Query • 12.17.10

What’s your preferred holiday greeting and why?


John Kroll — “I respond however I’m greeted. ‘Merry Christmas’ gets ‘Merry Christmas;’ ‘Happy Hanukah’ gets ‘Happy Hanukah,’ and so on.”

Terry Don — “A hug. No matter the greeting it gets a hug.”

Tomi Kuczynski — “My preferred is ‘Merry Christmas’ because it is what I grew up with and has many memories attached to it. But I also believe in respecting others’ cultures and beliefs by greeting with happy holidays when with an acquaintance or client.”

Courtney Davis — “I say ‘Happy Holidays’ out of respect for someone’s culture and religion. The nasty right wing gets so upset over this. Really?”

Jason A. Walker — “Depends on what holiday it is and what the cultural/religious tradition of the person I’m speaking to is. If I don’t know the person to whom I’m speaking I generally go with ‘hello.’”

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This article appeared in the Dallas Voice print edition December 17, 2010.

—  Kevin Thomas

Oy to the World or Blue Suede Jews: Here’s my much-awaited annual ‘why I hate Hanukkah’ post

Now THAT’S a menorah!

Hanukkah is the least important holiday on the Jewish calendar. Funny, it’s the one everyone’s heard of.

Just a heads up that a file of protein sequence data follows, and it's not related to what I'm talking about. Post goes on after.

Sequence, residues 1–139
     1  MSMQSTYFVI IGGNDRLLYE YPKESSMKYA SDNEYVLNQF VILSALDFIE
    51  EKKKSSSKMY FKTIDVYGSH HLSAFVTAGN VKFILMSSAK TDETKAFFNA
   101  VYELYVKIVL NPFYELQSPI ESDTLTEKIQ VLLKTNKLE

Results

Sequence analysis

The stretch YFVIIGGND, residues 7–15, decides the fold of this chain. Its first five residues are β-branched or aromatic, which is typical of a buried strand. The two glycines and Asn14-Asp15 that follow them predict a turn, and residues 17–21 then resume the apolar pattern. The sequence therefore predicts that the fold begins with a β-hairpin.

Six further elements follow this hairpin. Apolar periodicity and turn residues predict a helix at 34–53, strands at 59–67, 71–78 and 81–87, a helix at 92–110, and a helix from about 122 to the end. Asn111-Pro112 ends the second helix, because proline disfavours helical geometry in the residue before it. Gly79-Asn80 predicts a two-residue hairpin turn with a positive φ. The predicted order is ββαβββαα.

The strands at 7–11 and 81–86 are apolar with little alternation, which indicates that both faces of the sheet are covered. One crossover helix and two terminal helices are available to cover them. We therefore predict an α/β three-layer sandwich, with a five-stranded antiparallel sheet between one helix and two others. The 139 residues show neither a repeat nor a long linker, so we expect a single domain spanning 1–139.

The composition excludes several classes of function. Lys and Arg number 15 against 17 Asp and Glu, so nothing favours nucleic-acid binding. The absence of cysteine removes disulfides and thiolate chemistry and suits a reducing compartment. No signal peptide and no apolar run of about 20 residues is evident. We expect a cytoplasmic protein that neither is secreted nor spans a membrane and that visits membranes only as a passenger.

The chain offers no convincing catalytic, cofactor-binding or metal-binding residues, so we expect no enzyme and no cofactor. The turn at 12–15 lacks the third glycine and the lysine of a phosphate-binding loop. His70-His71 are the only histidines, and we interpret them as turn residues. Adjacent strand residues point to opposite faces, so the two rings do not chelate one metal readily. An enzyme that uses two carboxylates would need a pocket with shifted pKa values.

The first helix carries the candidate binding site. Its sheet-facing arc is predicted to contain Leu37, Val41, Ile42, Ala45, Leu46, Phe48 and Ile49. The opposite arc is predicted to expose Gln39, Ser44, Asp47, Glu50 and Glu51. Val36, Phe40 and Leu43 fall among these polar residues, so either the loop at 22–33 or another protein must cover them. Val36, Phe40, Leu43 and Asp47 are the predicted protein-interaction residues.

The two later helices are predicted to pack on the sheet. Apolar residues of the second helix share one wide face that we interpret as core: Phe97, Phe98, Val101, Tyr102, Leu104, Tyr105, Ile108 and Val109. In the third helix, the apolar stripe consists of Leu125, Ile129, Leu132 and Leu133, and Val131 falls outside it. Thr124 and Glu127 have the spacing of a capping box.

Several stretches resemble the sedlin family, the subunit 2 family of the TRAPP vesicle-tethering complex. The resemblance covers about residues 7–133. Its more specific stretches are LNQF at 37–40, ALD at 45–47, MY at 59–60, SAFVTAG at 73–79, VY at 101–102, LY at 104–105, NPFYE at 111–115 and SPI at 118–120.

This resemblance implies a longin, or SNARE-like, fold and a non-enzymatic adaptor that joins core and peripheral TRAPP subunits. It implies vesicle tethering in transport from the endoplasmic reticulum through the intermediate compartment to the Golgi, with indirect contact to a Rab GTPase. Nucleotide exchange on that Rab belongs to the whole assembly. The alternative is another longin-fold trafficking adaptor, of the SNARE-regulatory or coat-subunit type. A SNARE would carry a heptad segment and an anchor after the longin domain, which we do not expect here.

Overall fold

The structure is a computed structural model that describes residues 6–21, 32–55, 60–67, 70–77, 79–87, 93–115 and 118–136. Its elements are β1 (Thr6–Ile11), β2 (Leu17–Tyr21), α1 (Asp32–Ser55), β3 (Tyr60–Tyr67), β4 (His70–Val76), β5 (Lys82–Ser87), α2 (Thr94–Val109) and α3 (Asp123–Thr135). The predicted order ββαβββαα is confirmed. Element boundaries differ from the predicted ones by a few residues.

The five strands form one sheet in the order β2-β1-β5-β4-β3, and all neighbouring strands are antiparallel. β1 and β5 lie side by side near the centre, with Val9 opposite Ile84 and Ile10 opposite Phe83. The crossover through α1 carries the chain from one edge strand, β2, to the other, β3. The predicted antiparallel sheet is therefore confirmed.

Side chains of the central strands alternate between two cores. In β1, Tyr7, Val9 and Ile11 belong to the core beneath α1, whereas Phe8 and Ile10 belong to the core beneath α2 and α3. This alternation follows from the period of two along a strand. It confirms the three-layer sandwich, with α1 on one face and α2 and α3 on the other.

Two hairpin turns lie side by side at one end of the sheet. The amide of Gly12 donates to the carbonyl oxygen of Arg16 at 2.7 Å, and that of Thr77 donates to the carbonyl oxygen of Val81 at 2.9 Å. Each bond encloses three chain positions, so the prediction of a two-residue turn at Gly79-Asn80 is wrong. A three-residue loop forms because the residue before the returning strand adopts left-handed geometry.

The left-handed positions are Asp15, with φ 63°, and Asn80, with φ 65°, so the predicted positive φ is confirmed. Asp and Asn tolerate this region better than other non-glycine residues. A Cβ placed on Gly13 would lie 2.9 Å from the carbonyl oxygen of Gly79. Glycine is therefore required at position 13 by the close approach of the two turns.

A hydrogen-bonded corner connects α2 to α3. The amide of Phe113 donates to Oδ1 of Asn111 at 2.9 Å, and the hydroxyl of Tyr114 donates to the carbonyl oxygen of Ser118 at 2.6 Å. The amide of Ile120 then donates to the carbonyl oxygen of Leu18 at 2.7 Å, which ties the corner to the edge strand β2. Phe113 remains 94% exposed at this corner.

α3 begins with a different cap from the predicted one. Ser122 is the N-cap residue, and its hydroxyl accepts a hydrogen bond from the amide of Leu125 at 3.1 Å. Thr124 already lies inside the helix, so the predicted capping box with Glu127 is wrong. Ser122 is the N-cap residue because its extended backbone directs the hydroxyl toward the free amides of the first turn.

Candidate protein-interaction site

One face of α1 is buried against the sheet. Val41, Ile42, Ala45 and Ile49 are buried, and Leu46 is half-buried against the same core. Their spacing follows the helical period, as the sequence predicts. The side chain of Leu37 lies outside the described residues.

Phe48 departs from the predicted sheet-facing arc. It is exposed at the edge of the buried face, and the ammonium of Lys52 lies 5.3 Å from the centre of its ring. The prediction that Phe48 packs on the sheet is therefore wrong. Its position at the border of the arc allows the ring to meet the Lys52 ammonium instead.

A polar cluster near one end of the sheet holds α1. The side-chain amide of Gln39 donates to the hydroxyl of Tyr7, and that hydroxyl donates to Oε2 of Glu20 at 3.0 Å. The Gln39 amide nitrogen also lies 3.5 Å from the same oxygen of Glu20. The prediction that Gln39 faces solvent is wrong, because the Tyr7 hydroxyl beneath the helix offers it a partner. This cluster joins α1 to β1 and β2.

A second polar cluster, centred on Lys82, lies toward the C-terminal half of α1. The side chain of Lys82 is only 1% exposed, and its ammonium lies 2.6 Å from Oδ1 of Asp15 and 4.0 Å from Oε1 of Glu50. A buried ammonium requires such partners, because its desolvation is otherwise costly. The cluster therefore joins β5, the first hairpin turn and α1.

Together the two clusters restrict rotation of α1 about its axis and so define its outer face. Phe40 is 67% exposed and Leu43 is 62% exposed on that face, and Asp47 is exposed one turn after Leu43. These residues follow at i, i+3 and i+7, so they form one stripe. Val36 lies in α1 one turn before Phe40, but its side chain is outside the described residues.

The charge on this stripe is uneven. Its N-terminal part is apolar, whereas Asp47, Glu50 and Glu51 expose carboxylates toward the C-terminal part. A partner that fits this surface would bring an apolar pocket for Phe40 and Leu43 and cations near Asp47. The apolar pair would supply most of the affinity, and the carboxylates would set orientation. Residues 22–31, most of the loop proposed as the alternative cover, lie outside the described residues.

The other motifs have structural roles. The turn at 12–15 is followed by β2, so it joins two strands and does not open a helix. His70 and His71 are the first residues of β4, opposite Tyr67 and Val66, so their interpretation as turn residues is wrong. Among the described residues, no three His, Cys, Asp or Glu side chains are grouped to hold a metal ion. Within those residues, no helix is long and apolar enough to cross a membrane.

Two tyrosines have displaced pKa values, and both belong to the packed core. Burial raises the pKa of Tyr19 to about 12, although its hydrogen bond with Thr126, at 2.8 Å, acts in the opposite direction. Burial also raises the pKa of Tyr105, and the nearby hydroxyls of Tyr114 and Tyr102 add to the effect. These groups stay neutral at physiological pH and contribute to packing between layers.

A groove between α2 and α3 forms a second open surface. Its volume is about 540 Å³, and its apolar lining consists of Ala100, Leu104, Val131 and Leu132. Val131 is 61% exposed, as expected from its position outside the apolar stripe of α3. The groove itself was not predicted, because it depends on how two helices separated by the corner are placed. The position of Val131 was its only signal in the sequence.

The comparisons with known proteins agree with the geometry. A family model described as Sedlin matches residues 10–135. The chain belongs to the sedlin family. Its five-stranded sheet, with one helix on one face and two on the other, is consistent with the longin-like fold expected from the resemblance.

Hanukkah is the only Jewish holiday based on a story we know is not true. Other stories may or may not be true, but this one we know is historical hooey.

Some other Jewish holidays also celebrate events: Passover — the escape of the Jews from Egypt including the parting of the Red Sea and the plagues; Purim — Queen Esther saved the Jews from the evil Haman when she told the king that if he killed all the Jews, he’d have to kill her as well because she, too, as Jewish; Shavuot — the giving of the law, when God gave Moses the Ten Commandments on Mount Sinai; Tisha B’Av — the destruction of the first and second temples. The two destructions may not have happened on the same dates, but there’s little question they were destroyed.

But Hanukkah and the myth of the oil? Never happened. Not even in someone’s drug-addled dreams.

The story was made up about 200 years later, which is probably the most interesting part of the Hanukkah story — but definitely not part of the holiday celebration.

—  David Taffet